Kinesiotherapy is defined as the application of scientifically based exercise principles adapted to enhance the strength, endurance, and mobility of individuals with functional limitations or those requiring extended physical conditioning.
Who is a Kinesiotherapist?
Kinesiotherapists utilize two fundamental modalities, exercise and education to enhance strength, endurance, flexibility, and mobility. The foundation of clinician-client rapport is based on education, instruction, demonstration, and mentoring of therapeutic techniques and behaviors to restore, maintain, and improve overall functional abilities. A Kinesiotherapist determines the appropriate evaluation tools and interventions necessary to establish, in collaboration with the client, a goal-specific treatment plan. The role of the kinesiotherapist demands intelligence, judgment, honesty, interpersonal skills, and the capacity to react to emergencies in a calm and reasoned manner. An attitude of respect for self and others, adherence to the concepts of privilege and confidentiality in communicating with patients, and a commitment to the patient’s welfare are standard attributes. At a minimum, a kinesiotherapist is educated in areas of basic exercise science and clinical applications of rehabilitation exercise. Training is received in orthopedic, neurological, psychiatric, pediatric, cardiovascular-pulmonary, and geriatric practice settings.
Where are Kinesiotherapists employed?
Kinesiotherapists work in every type of health care setting, including hospitals, rehabilitation centers, sports medicine facilities, fitness centers, and private offices. They guide patients through therapeutic exercise, aquatic therapy, learning to walk, using prosthetics/orthotics, and developing a lifelong exercise regimen.
The American Kinesiotherapy Association says starting salaries for registered kinesiotherapists range from $36,000 to $45,000 a year.
What type of Education is Required to become a Kinesiotherapist?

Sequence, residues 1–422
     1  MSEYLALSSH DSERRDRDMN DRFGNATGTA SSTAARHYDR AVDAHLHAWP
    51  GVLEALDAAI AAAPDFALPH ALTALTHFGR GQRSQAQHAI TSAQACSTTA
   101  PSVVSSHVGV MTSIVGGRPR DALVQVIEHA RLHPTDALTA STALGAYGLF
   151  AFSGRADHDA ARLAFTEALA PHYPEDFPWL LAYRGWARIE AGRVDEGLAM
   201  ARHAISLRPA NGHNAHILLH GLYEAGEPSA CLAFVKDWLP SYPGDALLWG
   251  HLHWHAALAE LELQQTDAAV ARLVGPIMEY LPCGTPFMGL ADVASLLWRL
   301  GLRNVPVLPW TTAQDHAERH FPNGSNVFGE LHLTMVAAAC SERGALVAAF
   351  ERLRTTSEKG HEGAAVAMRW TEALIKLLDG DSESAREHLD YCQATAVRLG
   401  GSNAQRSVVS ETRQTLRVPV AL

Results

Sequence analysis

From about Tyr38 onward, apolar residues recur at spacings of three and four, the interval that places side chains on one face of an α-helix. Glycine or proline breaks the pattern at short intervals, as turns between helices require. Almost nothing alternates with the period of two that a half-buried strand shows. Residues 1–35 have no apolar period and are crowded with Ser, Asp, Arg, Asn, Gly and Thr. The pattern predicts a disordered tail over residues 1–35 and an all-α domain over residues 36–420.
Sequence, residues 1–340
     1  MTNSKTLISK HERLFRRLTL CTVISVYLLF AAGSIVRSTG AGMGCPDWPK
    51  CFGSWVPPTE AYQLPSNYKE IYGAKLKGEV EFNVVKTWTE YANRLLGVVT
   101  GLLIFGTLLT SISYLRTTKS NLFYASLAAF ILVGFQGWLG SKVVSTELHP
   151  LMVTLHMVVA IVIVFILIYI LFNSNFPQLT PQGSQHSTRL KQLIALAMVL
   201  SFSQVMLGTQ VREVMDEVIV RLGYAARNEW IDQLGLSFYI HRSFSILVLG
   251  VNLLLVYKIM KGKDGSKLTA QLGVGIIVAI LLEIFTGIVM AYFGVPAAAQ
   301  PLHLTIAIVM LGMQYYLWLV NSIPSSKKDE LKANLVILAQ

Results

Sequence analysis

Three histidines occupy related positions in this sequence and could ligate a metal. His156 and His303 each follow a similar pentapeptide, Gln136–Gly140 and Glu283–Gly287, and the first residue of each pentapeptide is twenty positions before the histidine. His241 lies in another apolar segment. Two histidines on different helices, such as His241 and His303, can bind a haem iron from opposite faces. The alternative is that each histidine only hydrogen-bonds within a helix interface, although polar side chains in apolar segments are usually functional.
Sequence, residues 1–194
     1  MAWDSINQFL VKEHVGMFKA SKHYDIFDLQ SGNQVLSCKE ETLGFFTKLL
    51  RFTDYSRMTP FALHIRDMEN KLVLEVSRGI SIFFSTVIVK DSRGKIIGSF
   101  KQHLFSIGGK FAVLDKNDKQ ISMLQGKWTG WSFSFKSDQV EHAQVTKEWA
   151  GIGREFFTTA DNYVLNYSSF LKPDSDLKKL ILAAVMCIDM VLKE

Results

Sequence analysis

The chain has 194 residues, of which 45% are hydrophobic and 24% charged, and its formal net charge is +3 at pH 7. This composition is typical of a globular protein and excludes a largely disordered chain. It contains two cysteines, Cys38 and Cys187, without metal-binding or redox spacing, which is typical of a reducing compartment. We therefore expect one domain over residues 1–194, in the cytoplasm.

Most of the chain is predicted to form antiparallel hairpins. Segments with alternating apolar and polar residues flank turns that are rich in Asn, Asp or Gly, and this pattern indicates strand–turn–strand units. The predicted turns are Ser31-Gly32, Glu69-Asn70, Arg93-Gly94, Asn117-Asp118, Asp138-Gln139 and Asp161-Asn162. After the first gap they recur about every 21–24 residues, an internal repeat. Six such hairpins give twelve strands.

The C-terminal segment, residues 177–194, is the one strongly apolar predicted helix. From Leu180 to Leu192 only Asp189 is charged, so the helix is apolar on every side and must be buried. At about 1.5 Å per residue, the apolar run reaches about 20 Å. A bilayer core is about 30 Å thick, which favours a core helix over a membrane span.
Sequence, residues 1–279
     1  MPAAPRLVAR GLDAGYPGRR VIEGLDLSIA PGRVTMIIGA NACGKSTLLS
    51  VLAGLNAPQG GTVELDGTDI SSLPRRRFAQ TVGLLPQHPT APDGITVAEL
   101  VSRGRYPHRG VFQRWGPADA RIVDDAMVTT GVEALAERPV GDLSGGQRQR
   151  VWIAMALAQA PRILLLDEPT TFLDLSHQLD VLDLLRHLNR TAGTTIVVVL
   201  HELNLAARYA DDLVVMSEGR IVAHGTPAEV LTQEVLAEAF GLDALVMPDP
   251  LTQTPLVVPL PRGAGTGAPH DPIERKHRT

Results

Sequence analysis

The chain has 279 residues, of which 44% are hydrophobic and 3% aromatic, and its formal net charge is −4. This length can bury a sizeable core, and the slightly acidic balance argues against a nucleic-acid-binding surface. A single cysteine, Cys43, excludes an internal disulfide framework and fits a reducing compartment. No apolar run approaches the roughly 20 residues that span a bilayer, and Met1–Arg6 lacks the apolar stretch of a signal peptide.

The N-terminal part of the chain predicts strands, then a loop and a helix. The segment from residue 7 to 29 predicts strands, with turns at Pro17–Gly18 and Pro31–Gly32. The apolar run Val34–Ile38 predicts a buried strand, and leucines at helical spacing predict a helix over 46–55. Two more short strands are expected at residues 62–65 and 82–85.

The Kinesiotherapy major is a baccalaureate program that can be completed in 4-5 years. The total minimum requirements are 124-128 semester hours. The program has a comprehensive academic and clinical curriculum plan that fulfills or exceeds the minimum requirements for Kinesiotherapy accreditation. The curriculum plan includes an organized and sequential series of integrated learning experiences designed to achieve or exceed minimum competencies. All academic and clinical courses are guided by written measurable behavioral objectives and use case-based, patient-centered, problem-solving activities.
How Do You Become a Registered Kinesiotherapist?
Kinesiotherapy programs are accredited by the Commission of Accreditation of Allied Health Education Programs (CAAHEP) and Kinesiotherapists conform to specific criteria for ethical, safe treatment of patients within the Scope of Practice and Standards of Practice for Kinesiotherapy. Graduates of accredited programs are eligible to take the Kinesiotherapy Registration exam.
What is the Employment Outlook for the Profession of Kinesiotherapy?
Demand for Kinesiotherapists is on the rise, because exercise therapy can help patients regain independence, recover from injury and recuperate faster following surgery, which can reduce overall health care costs.
Employment opportunities for Kinesiotherapists should continue to increase over the next decade as the demand for adapted exercise interventions continues to rise. Job opportunities for Kinesiotherapists in hospital settings should remain stable while opportunities in wellness and medical fitness facilities are expected to expand. This increased demand will be fueled in part by the increasing emphasis on preventive measures to offset the potentially catastrophic risks associated with various diseases and medical conditions. The increasing base of the elderly population and their associated debilitating conditions will also increase the demand for the type of exercise interventions that are indigenous to this population.
Updated: August 2010